Back to Shopping at

Storage of corked bottles

Should I store the bottles on their sides to keep the corks from drying out?

best i could find.

[quote=“Pietro”]best i could find.[/quote]

Thanks. I don’t see things being stored for very long times anyway :slight_smile:

[quote=“jbushee”][quote=“Pietro”]best i could find.[/quote]

Thanks. I don’t see things being stored for very long times anyway :slight_smile: [/quote]

always a struggle. However with some beers, it is WELL worth it. Have about 18 12-ozs of a 6 month-old biere de garde that is aging like a fine wine (finer actually)…they say those are best after a minimum of a YEAR…same with my old ale/xmas ale. Needs a MINIMUM of 6 months.

When I finally get around to a flanders, you can’t even bottle that typically until a year out!

I stored my Belgians on their sides for about a year, having been convinced by photos of Belgian breweries that stored them on their sides at the brewery cellars. I have recently switched to upright storage for all the reasons expressed on that BA article. (I also think that one reason the Belgian breweries stored them horizontally was because it was more space efficient.)

I’ve always stored mine upright. I use champagne bottles and cork then cap them.

I’m confused…this question is under a Mead title!
If I missed something, sorry! This is my first post.

I have purchased a technical cork (Neutrocork), and as a new mead maker wanted to know how I should store my bottles. I sent an email to the mfg. (AMORIM) but have not received a reply.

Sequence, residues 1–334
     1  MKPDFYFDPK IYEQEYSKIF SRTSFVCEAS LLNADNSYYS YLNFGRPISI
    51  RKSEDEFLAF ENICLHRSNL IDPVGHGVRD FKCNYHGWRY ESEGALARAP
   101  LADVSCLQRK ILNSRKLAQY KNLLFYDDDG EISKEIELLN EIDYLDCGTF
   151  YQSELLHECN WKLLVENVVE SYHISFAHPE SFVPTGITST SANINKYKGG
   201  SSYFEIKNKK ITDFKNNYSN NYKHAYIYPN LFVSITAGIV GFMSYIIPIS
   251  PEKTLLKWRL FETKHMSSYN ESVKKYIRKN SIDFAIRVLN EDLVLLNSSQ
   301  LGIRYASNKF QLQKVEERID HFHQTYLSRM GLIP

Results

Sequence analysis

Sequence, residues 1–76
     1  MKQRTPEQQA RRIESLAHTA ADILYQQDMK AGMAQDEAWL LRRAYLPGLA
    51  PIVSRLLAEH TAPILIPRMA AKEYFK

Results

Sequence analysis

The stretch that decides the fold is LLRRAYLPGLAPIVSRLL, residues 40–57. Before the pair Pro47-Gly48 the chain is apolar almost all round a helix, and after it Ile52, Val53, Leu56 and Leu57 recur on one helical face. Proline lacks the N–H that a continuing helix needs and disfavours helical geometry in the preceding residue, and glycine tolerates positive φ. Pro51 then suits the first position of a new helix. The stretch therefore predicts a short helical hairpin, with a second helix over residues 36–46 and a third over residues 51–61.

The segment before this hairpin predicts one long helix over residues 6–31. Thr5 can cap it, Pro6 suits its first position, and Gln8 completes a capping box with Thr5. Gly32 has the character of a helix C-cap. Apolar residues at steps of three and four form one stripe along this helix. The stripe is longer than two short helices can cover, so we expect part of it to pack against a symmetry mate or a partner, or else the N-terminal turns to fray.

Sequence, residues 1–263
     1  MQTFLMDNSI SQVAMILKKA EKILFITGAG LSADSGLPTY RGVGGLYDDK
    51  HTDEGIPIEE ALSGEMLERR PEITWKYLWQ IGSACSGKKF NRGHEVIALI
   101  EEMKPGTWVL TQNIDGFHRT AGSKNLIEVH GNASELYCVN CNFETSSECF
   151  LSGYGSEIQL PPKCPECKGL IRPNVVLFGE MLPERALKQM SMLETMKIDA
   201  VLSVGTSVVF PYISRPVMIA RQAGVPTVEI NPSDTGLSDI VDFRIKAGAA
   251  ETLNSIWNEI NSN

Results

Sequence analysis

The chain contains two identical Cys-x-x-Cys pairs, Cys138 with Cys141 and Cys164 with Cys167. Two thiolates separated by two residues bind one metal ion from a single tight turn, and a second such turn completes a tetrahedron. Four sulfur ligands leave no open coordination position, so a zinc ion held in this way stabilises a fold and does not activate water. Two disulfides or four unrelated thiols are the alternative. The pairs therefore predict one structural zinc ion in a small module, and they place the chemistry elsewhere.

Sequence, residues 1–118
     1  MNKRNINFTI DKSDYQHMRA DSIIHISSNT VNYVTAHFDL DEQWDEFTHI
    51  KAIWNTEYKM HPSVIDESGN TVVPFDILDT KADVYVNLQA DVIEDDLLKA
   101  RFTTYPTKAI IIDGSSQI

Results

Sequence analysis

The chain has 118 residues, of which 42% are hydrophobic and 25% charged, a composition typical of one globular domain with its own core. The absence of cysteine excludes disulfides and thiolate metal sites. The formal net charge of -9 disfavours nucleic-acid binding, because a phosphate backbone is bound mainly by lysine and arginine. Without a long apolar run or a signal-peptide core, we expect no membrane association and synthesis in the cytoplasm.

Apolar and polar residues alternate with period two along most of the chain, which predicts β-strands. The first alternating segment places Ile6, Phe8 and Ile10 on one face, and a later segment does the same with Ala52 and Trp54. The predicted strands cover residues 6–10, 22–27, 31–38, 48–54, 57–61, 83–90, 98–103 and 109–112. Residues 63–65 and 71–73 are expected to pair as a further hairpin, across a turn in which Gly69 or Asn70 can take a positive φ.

On the ‘Portacork America’ website (under neutrocorks) it says “After bottling, keep wine upright for a minimum of 5 –10 minutes” then it says, “Bottles should always be kept in an upright position”
I have also emailed Portacork with no reply.

Any thoughts on bottle position during storage (MEAD) when using technical corks?

I will probably get different corks for bottling and would also appreciate some thoughts on the best choices (preferably natural) that would be good for long term storage and provide little if any potential for taint.

Natural corks need to be kept on their side if your wine/mead/beer is still. If carbonated, you can keep them upright, which can prevent cork taint if something goes wrong. However, Cantillon stores their corked bottles on their side when conditioning, and I think they know what they’re doing.

Non-natural corks should be stored upright as they will not dry out and degrade like a natural cork will if it’s not in contact with the liquid.

Thanks, both current batches are still meads.
The neutrocork is a technical cork (cork granules glued? together) so, not necessarily a natural cork,
however I am looking for some Natural cork “recommendations” one that is not susceptible to taint…

Don’t think I would want the glue in contact with the liquid for an extended period. I’d keep that one upright.

copied from

Neutrocork®—a high-performing, valuepriced
natural cork closure treated with our
exclusive process “ROSA” (extraction of
2, 4, 6 TCA by steam distillation). Since its
launch in 2001, winemakers have embraced
Neutrocork® as a natural cork alternative
to synthetic stoppers. With a consistent
diameter and regular shape, Neutrocork®
creates an excellent seal, and performs
well on the bottling line and on the shelf.

Still looking for some advise/recommendations on the best Natural Corks

I personally like the #9 premium corks that NB sells, both for still wines and carbonated cork and cap bottles. They have an agglomerated section in the middle, but the ends are natural cork. Even though they’re larger diameter, I find that they insert easier than the first-quality ones that tend to disintegrate on the ends if the bottle neck runs slightly small.

Thanks, they look promising…too bad I just placed an order. I’ll have to wait until my next one (can’t pay $7.99 shipping just for corks)

Back to Shopping at